Lessons learned on one year anniversary of water main break

Local News

DAYTON, Ohio (WDTN) – It’s been one year since a massive water main break in Dayton, in fact the largest in city history, left thousands without water and even more under a boil advisory.

The city paid over $850,000 to fix the broken pipe that was partly underwater.

Recovery was a joint effort between both the city of Dayton and Montgomery County, and on this one year anniversary, the Montgomery County Environmental Services Director, Patrick Turnbull, said they have taken steps to make sure this doesn’t happen again.

Turnbull said the cause was a water main breaking down before eventually giving out.

On Friday, the Environmental Advisory Board’s Water Committee said at their annual meeting that they’re keeping a close tab on the city’s water department.

“We really want to understand what they’re going to be doing as far as looking at the infrastructure within the city of Dayton,” said Kathy Arnett, the Water Committee’s chairperson. “Where there might be other concerns or issues, and ask them to give us an update on that.”

Turnbull said both Dayton and Montgomery County’s water systems are old, but reinvestment is ongoing to improve the infrastructure. He said this was going on before the break but has increased since then.

He said part of that is adding additional elevated storage tanks in the system.

“While it wouldn’t provide water for consumption, if you have a large scale outage, that kind of delays depressurization that would happen or give you additional firefighting capabilities,” said Turnbull.

He also said during last year’s water crisis, they received help from other communities like West Carrollton, Miamisburg, and Vandalia, and now they’re looking into increasing that emergency support.

“They were able to feed us water to some parts of our system during that outage,” said Turnbull. “We are exploring additional interconnections like that in other parts of our system or additional communities so they can provide more water going forward.”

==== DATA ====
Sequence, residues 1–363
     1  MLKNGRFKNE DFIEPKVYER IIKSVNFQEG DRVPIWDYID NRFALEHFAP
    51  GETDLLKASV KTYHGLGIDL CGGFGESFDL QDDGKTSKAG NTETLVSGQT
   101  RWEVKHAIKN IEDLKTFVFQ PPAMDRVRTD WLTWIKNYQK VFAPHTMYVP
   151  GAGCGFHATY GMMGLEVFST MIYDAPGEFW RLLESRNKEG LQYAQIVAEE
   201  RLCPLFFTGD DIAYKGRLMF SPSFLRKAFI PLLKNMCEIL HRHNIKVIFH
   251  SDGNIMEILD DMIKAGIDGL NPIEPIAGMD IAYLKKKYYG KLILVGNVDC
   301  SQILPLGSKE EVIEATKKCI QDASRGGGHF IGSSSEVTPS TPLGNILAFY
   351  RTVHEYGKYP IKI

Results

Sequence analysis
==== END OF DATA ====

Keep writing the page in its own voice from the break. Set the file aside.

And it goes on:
Turnbull also said a year later, the crisis management plan is still being updated.

He added that it’s never the exact same crisis a second time but that they’re better prepared for any water related emergencies in the future.

“In the late Fall, the city and the county held a joint emergency preparedness exercise around this sort of instance, and that was kind of the first effort to improve operational coordination during such a large scale water outage,” said Turnbull

He said part of that was learning recovery would take multiple days because of system updating and water sample testing.

“We have some great employees here and everybody wants to step up and answer the bell and help the community, but what we didn’t realize was how tired you get,” said Turnbull. “It seemed really simple and everyone wants to help, but you really have to set up a staffing plan that allows you to recover over a multiple day period.”

And finally, Turnbull said what confused many residents was the lack of a combined city/county map that showed the outage and areas under a boil advisory, and that they need to have a better internal communications plan between the city of Dayton and Montgomery County.

“We’re in the process of talking about ‘How do we build a more cohesive geographic information system so that we have great maps when we have such a water outage in the future,” said Turnbull.

An official with the City of Dayton told 2NEWS that the main break was caused by a change in environment due to construction on the Keowee Street bridge, and that the 36 inch water main was repaired and is currently in service.

They added that they identified additional measures with their partners such as the Miami Conservancy District to employ additional engineering studies, reviews, and field inspections, and will continue to conduct annual emergency exercises with major stakeholders such as Montgomery County to minimize water outages.

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